The appointment of a temporary receiver is an extreme remedy resulting in the taking and withholding of possession of property from a party without an adjudication on the merits (CPLR 6401; Quick v Quick, 69 AD3d 828 [2nd Dept. 2010]). A temporary receiver should be appointed only where there is clear evidentiary showing of the necessity for the conservation of the property at issue and the need to protect a party's interest in that property (id). Petitioners herein have failed to demonstrate that the "appointment of a receiver is necessary to preserve the assets of the corporation, operate the business, or protect the interests of the parties" (Matter of Steinberg [Cross Country Paper Prods. Corp.], 249 AD2d at 553, supra; see also, Hoffman v Eagle Box Company, Inc., 305 AD2d 544, 545 [2nd Dept. 2003]; Matter of Kristensen v Charleston Sq., 273 AD2d 312 [2nd Dept. 2000]; Schachner [*5]v Sikowitz, 94 AD2d 709 [2nd Dept. 1983]).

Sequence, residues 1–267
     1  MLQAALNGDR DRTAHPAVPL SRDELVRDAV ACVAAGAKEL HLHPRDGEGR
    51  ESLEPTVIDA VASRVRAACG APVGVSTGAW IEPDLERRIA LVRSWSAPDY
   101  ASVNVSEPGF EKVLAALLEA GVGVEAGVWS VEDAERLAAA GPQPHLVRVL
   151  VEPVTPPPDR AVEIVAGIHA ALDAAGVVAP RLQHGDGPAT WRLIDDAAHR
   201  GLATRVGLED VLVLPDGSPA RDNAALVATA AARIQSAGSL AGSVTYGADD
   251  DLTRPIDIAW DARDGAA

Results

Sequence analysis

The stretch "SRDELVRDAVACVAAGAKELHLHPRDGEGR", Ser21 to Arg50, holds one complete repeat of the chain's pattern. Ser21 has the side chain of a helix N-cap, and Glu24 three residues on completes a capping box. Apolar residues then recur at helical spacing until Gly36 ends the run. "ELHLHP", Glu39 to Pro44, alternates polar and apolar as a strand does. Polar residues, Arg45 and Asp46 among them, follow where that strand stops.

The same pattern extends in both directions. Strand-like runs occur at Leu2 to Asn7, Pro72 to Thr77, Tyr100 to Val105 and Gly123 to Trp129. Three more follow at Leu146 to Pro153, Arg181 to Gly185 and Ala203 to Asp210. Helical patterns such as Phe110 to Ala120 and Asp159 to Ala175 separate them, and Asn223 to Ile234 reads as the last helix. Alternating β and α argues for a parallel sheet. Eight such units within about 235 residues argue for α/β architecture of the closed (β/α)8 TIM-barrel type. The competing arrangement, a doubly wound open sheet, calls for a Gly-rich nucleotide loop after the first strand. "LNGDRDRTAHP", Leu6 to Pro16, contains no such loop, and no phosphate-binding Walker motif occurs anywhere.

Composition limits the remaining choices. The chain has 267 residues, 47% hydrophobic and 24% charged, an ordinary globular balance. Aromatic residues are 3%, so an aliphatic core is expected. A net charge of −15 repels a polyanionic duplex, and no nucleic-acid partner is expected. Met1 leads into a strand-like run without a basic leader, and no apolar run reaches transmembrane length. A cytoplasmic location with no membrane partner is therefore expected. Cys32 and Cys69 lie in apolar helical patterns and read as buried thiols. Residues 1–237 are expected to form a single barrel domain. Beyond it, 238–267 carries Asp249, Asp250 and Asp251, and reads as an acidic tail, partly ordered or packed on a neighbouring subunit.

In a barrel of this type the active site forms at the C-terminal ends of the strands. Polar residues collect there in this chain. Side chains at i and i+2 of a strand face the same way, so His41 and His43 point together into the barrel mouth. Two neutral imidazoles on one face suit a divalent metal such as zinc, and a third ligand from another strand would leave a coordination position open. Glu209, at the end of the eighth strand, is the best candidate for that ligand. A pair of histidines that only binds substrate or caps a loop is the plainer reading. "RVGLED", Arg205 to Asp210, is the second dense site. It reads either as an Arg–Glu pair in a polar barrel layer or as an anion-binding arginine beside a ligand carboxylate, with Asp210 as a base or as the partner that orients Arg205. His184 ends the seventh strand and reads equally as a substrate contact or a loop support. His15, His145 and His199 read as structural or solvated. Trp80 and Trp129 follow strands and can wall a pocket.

Accordingly, petitioners' motion for judicial dissolution of Nest & Gingseng Inc., is denied, and an evidentiary hearing shall be held on April 2, 2012, at 10:15 A.M., in the undersigned's courtroom at 25-10 Court Square, Long Island City, Queens County, New York 11101, Part 32, Room 140. Petitioners' request for a temporary receiver is also denied.

The foregoing constitutes the decision, order, and opinion of the Court.

_____________________________Hon. Charles J. Markey

Justice, Supreme Court, Queens County

Dated: Long Island City, New York

February 28, 2012